I invite you therefore in the name of Church to a Holy Lent.

Weekly Reflection, Friday, February 12

By: David May, Rector

I invite you therefore in the name of Church to a Holy Lent.

In September 2020, members of the vestry met by Zoom call with many of the ministry groups of our parish. All together, we think the vestry met with probably 80 to 100 parishioners over a two-week span. In addition to time just to catch up with one another, each ministry group had been asked to think about two questions: ‘what are you/we learning in these strange times?’, and ‘what do you want to do about that?’ What people shared with each other was so rich and often very personal. We saw again that so often what we think of as most personal is often something that we all share in common.

After all those conversations, four themes seemed to emerge: the gift of our own humanity, a clearer realization that we live in ‘a fallen world’, the gift of community, and the hope for a new creation. You could hear these themes as people talked about what they were discovering matters most. You could hear it as we talked about the brokenness in our world and in ourselves that this pandemic has laid bare. You could hear it as people wondered about how we could be different going forward.

By the mercy of God, we will come back together over the course of this current year, 2021. And as we come back together, we have the opportunity to return changed by what this long, long season of absence has taught us.

The people of St. Mary’s have helped create a beautiful Lenten Daily Devotional Booklet for this season. This booklet is an invitation for this season of Lent to look back and consider what we are learning about ourselves and our world. And it is an invitation to look forward with fresh vision about what kind of a church God is calling us to be at this time and in this place.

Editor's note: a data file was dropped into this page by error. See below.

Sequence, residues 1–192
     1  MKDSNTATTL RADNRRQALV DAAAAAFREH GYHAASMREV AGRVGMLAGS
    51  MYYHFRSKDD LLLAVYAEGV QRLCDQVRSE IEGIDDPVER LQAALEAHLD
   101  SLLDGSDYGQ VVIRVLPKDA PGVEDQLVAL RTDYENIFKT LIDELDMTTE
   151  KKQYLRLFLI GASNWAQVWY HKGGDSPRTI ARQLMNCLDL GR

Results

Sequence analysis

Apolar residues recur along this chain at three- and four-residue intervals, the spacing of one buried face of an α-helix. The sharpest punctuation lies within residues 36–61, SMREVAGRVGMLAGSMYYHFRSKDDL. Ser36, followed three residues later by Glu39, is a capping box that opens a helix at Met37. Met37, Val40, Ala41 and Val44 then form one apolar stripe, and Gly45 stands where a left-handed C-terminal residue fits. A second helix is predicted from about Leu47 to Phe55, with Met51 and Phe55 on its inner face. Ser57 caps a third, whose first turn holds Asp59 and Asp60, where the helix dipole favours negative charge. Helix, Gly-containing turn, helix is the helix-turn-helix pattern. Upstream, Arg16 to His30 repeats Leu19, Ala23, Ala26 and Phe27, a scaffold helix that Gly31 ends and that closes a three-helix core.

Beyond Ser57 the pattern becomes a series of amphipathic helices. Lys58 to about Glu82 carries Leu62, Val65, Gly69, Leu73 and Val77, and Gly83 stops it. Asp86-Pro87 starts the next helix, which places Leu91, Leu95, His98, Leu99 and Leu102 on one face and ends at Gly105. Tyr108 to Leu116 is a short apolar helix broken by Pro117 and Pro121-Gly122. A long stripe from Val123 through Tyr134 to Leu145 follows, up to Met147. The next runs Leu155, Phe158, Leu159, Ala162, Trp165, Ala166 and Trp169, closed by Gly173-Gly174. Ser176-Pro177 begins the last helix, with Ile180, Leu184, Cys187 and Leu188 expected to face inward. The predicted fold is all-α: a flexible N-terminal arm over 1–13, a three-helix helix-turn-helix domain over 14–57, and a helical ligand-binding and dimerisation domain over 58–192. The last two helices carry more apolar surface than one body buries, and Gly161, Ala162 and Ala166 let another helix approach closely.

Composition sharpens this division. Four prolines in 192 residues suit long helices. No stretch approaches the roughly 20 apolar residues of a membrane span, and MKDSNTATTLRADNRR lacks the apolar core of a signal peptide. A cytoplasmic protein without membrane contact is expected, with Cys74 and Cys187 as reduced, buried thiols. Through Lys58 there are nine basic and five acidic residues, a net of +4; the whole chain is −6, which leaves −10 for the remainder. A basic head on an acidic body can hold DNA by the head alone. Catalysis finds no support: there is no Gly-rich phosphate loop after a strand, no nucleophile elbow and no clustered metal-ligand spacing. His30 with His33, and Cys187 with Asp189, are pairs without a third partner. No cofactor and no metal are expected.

May the living God draw near to you in this holy season and guide and strengthen you as we journey to the Cross and Resurrection of Jesus.


St. Mary’s created a Lenten Daily Devotional Booklet

The people of St. Mary’s have created a beautiful Lenten Daily Devotional Booklet. In this six-week Lenten offering, you will find reflections written by 30 parishioners – children, young people, and adults – on the themes that emerged from the vestry zoom call meetings. We invite you to pick one of these up to consider, think, journal, reflect, and pray about what kind of church God is calling us to be.

Download the electronic version. Or pick one up at the Church Office.

A Reflection for Noonday Prayer

Wednesday, March 25, 2020

By: Amelia McDaniel, Lay Associate for Christian Formation

This is a poem by Friar Richard Hendrick a Franciscan Friar living in Ireland.

Yes there is fear.
Yes there is isolation.
Yes there is panic buying.
Yes there is sickness.
Yes there is even death.
But,
They say that in Wuhan after so many years of noise
You can hear the birds again.
They say that after just a few weeks of quiet
The sky is no longer thick with fumes
But blue and grey and clear.
They say that in the streets of Assisi
People are singing to each other
across the empty squares,
keeping their windows open
so that those who are alone
may hear the sounds of family around them.

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A Sermon for the Fourth Sunday in Lent

By: Eleanor Wellford, Priest Associate

 

On the surface, the story that we just heard from John’s gospel is about a blind man who was healed by Jesus. Ironically it’s also about people who could see well enough but were blind to what was right in front of them.

I get that. How many times have I found myself standing in front of an open refrigerator door looking for something that I knew was in there? And how many times does my husband have to step in and pull out the item that I was looking for? It was there all along. I just didn’t see it.